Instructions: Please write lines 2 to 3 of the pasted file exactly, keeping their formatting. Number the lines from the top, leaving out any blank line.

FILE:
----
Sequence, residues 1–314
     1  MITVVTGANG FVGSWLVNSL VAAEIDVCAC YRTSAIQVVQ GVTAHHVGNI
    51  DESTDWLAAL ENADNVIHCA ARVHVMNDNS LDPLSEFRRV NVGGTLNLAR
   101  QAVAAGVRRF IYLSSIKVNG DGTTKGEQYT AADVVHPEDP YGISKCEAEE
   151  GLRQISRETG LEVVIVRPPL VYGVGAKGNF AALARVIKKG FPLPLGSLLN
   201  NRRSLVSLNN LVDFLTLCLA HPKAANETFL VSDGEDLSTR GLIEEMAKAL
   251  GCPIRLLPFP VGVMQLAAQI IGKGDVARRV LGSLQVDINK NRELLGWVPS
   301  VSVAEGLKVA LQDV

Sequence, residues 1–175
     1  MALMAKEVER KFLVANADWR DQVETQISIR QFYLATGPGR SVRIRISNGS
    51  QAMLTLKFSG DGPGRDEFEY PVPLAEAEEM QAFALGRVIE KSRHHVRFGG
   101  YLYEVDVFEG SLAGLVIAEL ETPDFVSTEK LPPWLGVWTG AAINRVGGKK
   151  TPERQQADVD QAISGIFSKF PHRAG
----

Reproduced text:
     1  MITVVTGANG FVGSWLVNSL VAAEIDVCAC YRTSAIQVVQ GVTAHHVGNI
    51  DESTDWLAAL ENADNVIHCA ARVHVMNDNS LDPLSEFRRV NVGGTLNLAR